Saturday, April 20, 2019

This super, soaring black girl, Ironheart



It's been a busy semester, so I haven't gotten enough time to blog about comic books. If I did have more time, I'd be writing more about Ironheart (Riri Williams) written by Eve L. Ewing, drawn by Luciano Vecchio, layouts by Geoffo, colors by Matt Milla. Kevin Libranda was a co-artist on issue #1.

I'm enjoying the story. Ewing is really developing this character Riri, showing her working in her lab, showing her on missions, showing her interacting with family and friends. Ewing is expanding our sense of the black girl protagonist, and also displaying what's possible when it comes to highlighting the intersections of race, technology, and heroism.

Amy Reeder Hadley has been producing wonderful covers for the series.  Riri's presence on the shelves of at my local comic book store is quite uncommon, where white male heroes are the norm. Seeing this black girl soaring in her suit, peering at various interfaces inside her helmet, and apparently falling out of her suit alters things in important ways.



The artwork by Vecchio and Milla and layouts by Geoffo throughout the series are quite compelling. They depict a variety of settings and capably show Riri in exciting action scenes. There's all this vibrant energy with implied motion and colors with the comic that reward those of us who pursue repeated viewings.

There was this one scene from Ironheart #3 that shows Riri standing and facing a group of robbers in a store. They shoot at her, but their bullets bounce off of her armor. On the one hand, it's not an unusual scene in the history of comics, right?

At the same time, it was something...something rare to know we're viewing a black girl in a hi-tech, bulletproof suit that she designed herself repelling the shots being fired. Vecchio and Milla create this captivating scene, and many others throughout the series.

From Ironheart #3

Ewing presents Riri moving back and forth between her hometown Chicago and Cambridge, Massachusetts, as she has a lab at MIT. Whereas Tony Stark has an artificial intelligence system known as J.A.R.V.I.S., Riri has N.A.T.A.L.I.E (or simply Natalie), which is also the name of Riri's friend who was killed as a result of gun violence.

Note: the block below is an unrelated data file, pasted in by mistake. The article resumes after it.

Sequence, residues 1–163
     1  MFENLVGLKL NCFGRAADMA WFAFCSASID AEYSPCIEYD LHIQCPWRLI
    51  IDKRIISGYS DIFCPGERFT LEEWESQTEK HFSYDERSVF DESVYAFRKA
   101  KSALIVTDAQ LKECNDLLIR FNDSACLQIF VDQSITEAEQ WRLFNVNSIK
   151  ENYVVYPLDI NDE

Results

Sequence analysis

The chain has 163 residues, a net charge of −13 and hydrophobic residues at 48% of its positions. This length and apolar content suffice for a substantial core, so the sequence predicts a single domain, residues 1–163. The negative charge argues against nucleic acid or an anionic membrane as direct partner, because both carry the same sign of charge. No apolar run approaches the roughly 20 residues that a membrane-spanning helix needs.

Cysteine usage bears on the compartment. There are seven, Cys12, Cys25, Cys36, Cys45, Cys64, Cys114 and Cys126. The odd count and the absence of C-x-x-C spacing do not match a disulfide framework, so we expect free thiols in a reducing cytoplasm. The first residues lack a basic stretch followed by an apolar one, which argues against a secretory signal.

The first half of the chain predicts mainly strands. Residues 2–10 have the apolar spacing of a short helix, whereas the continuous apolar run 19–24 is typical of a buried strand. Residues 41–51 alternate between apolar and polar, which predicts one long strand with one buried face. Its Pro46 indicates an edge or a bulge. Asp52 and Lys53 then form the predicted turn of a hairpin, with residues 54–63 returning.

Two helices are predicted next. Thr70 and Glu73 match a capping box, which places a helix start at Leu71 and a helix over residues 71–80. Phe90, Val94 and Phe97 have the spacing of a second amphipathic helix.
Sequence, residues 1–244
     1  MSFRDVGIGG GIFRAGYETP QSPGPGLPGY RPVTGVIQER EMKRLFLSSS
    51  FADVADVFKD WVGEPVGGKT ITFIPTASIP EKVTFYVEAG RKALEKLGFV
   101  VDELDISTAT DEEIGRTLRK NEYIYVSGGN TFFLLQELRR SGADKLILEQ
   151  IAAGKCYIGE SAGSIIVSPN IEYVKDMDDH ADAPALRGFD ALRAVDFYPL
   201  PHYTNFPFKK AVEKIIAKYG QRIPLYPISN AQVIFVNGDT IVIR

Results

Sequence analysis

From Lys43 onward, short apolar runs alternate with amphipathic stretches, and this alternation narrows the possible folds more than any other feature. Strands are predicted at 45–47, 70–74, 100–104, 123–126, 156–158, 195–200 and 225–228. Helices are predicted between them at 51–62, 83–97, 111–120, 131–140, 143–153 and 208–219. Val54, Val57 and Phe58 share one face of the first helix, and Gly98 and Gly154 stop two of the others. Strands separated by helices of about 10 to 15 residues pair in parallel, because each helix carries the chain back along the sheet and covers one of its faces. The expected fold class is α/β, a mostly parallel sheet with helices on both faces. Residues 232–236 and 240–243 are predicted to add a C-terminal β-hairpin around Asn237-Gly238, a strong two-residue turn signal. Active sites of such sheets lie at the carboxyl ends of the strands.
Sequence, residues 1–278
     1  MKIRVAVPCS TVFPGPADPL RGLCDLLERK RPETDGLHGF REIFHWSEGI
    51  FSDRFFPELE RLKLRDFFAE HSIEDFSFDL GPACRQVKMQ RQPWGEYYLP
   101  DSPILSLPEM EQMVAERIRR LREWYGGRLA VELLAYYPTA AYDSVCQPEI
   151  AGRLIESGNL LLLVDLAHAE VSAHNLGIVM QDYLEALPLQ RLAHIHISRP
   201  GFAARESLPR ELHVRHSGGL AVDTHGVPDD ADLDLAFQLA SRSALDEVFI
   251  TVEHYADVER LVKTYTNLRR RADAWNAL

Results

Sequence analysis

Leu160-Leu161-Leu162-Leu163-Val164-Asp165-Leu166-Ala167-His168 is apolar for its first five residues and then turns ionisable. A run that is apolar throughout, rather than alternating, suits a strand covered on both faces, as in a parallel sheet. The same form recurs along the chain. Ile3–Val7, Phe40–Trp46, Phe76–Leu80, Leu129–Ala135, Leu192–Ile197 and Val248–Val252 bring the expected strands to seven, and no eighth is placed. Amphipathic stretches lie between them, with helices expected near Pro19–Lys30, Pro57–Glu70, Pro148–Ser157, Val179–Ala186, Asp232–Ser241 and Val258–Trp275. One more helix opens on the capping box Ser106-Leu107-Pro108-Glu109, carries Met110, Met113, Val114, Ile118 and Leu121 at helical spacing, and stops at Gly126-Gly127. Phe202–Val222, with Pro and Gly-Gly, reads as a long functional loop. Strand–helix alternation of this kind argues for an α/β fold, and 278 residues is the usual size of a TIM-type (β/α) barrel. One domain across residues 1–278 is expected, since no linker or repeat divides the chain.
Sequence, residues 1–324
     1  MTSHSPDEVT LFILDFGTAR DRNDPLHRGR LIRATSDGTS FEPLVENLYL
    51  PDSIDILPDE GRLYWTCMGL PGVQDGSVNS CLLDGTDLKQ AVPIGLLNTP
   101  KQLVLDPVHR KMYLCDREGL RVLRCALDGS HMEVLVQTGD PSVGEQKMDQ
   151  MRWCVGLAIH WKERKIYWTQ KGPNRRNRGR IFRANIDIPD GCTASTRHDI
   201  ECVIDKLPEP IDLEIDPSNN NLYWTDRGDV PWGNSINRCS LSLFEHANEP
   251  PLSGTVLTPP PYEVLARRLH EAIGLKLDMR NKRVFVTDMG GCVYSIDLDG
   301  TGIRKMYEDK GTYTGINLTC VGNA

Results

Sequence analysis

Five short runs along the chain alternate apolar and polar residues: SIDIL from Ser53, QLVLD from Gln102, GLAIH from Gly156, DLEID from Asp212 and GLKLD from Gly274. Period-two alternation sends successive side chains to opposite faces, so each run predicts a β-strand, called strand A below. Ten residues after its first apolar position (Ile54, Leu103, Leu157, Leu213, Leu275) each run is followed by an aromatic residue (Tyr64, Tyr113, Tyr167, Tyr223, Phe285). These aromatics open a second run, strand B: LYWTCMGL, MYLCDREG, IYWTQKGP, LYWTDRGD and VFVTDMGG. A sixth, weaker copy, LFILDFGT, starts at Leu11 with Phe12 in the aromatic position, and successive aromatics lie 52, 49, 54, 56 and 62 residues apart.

The creation of Natalie as Riri's A.I. system is a really inventive idea on Ewing's part. What a surprise that we're now receiving this black woman A.I. system. The convergence of race and technology here had me thinking about Afrofuturism. 

These days, people refer to things like "black girl magic" and the apparent Afrofuturism of artists like Janel Monae and a film like Black Panther. But back in the day (in this case the late 1990s) when I got into AF, we also talked about the concept in relation to the distinct things that black people do with technology and digital culture.



The transformation of a fatal gun violence victim into a holographic, black girl A.I. system definitely constitutes a special adaptation of technological and sci-fi concepts. It signals original and exciting thinking by Ewing. The notion of Natalie also raises fascinating ideas about what's possible when centering a black girl-inflected A.I. system.   

There's a cool scene when Riri's mom asks her about her schoolwork. Riri informs her that "Natalie is going to lectures for me." We then jump to the Natalie hologram sitting in a classroom at MIT. It's cool to see a scene like that come to life in Ironheart.

There's frequent talk in the world of comics about diversity. Folks don't always discuss what it in concrete ways. Thankfully, what we're seeing with Ironheart is that diversity can mean that Eve Ewing, Luciano Vecchio, Matt Milla. Geoffo, and Amy Reeder Hadley collaborate to produce this fun and cutting-edge artistic composition.

Related:
Eve L. Ewing, poetry, comic books, and infinite possibility
Riri Williams, Ironheart, Eve Ewing, and Maya Angelou
A notebook on comic books

Frederick Douglass and Alain Locke biographies awarded Pulitzer Prizes



Maybe those of us who research and write about African American Studies, Book History, and biographies will look back on 2019, as the year when two books about prominent black men historical and cultural figures won prestigious accolades. Last week, the Pulitzer Prize in History was awarded to David Blight for his book Frederick Douglass: Prophet of Freedom (Simon & Schuster), and the prize for Biography was awarded to Jeffrey C. Stewart for The New Negro: The Life of Alain Locke (Oxford University Press).